Six Stops Underground
by GS Smith
This is the arrow that the bow of exile shoots first. You are to know the bitter taste of others' bread, how salty it is, and know how hard a path it is for one who goes ascending and descending others' stairs
Dante Paradiso XXV
The dim white glow at the foot of the staircase was the sole light ahead of her. Even then to see it she had to bend double like a pensioner in winter winds, ducking down to peer under the descending slope of the ceiling, the underside of the pavement upon which the feet of weary walkers burdened with heavy bags and thoughts traipsed home in the cold Prague night. As she looked into the subway she mourned the loss of the escalators, paralysed by the same electrical fault that had plunged the staircase into darkness. She walked down the stairs into the station alone.
On her right were rows of advertising posters housed in tough plastic frames embossed to advertise here call xxx. Although unable to see them she recalled what each one looked like, salvaging what little comfort came from this familiarity: the first was for a gym - membership offer, arrays of treadmills and tiled pools supervised by tanned biceps and pert breasts straining against neat polo-shirts - then glaciers in ice-blue and an upstanding bottle of water - then dinner deals in restaurants baited with roast meats, oil-laden pasta and impossibly delicate desserts. The images were burned into her mind's eye by hundreds of glimpses - two each day, five days a week for the past six months. She would notice any change immediately: a hotel opening, a poster corner crumpled by a hasty replacement by a tired hand in worn gloves, graffiti scrawled all initials and invective. The same type of posters appeared at the same time of year - year in, year out – designer leather jackets and turtle necks replaced by historic attractions and magnificent views usurped by Thailand's Hidden Islands and Discover America in red, white and blue covered over by roaring fires, smiling families and the perfect gift for him to be cloaked again by the jackets. A cycle. Anyone choosing to live underground would experience a change in the season without ever experiencing weather.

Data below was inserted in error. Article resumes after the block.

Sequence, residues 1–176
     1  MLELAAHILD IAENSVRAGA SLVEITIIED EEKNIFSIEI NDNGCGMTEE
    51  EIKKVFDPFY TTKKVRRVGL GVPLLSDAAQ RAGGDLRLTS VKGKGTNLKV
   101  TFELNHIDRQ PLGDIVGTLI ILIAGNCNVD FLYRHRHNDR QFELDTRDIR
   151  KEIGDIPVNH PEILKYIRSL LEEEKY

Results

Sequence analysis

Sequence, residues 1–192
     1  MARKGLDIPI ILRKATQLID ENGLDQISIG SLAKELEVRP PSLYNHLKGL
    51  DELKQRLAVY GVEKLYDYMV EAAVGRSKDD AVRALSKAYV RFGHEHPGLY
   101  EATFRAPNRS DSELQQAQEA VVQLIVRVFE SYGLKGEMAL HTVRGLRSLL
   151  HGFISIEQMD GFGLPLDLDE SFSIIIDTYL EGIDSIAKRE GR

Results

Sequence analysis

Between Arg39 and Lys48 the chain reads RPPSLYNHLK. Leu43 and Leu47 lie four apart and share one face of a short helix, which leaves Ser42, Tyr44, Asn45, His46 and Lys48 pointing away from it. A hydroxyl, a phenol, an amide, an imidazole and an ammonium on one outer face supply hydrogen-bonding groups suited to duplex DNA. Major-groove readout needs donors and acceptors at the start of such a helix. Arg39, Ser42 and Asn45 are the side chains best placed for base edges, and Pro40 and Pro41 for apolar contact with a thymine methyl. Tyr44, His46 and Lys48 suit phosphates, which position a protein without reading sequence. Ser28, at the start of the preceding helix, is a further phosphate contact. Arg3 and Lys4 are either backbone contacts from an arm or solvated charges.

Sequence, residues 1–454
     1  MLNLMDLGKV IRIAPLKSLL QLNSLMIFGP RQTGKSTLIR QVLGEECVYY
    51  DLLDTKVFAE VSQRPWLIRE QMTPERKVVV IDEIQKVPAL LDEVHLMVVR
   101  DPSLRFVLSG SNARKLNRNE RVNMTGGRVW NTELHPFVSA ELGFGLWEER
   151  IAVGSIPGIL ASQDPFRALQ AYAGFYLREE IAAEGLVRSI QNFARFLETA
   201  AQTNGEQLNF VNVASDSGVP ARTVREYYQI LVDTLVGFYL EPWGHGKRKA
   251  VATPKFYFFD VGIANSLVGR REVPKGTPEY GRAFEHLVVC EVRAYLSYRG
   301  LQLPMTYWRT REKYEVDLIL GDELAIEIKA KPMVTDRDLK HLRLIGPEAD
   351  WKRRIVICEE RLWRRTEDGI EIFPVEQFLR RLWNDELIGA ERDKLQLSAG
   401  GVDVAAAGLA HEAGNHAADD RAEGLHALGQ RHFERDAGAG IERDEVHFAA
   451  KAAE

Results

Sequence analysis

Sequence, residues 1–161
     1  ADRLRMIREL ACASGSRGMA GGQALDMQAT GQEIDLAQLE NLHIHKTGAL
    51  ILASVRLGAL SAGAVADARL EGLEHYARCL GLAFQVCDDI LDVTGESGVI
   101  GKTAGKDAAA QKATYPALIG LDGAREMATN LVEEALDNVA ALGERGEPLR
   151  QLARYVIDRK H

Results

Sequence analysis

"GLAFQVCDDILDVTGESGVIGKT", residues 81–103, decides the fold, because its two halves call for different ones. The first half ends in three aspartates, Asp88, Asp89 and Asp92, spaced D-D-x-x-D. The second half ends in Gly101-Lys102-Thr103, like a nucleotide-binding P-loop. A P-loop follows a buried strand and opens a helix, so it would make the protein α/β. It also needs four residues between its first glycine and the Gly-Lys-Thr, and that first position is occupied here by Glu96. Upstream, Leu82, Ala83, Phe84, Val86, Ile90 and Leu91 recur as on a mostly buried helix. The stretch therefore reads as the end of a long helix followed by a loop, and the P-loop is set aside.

Nearly half way down she quickened her steps towards the subway's signature reek of people, machinery, damp clothes, old newspapers, and the light. With each step she could see more of her surroundings, feeling the tension leave her shoulders as it all came in to focus. She thought that in most people, in some way, a fear of the dark still remains - a quiet neurosis from childhood hidden away in the recesses of adult minds like forgotten toys in an attic. The childhood the fear of the dark is a fear of the unknown, especially unknown people or beings: ghosts, mysteries in cupboards, strangers under beds. In adulthood the dark is populated with known threats: the fear is one of imagined muggers, violent drunks or stealthy attackers. In this way you may be violated but you may never be surprised. You know what lies in the dark, you take appropriate action: slip your watch out of sight, stay away from the underpass, keep your eyes down. As a child you hide under the blanket with your eyes closed.
Heading down a second, shorter and lit, staircase she arrived at the platform to find more people than she had expected. The other entrance was obviously more popular.
She looked down the platform at old men draped in overcoats coming home from jobs where they counted the minutes until the end of shifts during which they counted down the years until retirement in single digits - students shuffling in satchels, withdrawing their books in preparation for a journey withdrawn - determined, deep-wrinkled faces of Romany women travelling without tickets, undeterred by fine or threat. Opposite her, across the track, the wall was tiled with square metal panels, each with a circle in the centre. In the dull artificial light she couldn't tell whether the circle was indented or protruding - concave or convex? Did the tile have a dimple or a pimple? She turned her head to see if viewing the tiles side-on would let her see its design when the wall darkened with the shadow of the approaching train.
She sat in an aisle seat, placing her bag on the seat next to her which was covered in synthetic blue fabric, worn through to the plastic underneath. Opposite her sat a tall man with a shaved head, his knees uncomfortably bent in washed out jeans, accompanied by a young woman wearing a tight leather-effect jacket which grazed her t-shirt covered midriff. She wore a pair of skin-tight jeans and achingly high-heeled boots. Stripper heels. Suppose she could be. A possibility to which Bea had had to adapt over the past months. Bea gazed up at the woman's face to be met with a blank expression, empty staring eyes like a racehorse run into the ground and let out to pasture all too late. The couple sat in silence. The man surveyed the carriage, perhaps looking at the map above the seats, at the yellow, red and green lines like the wiring of a plug representing the subway tracks, working out how many more stops until his own. The girl stared straight ahead at Bea.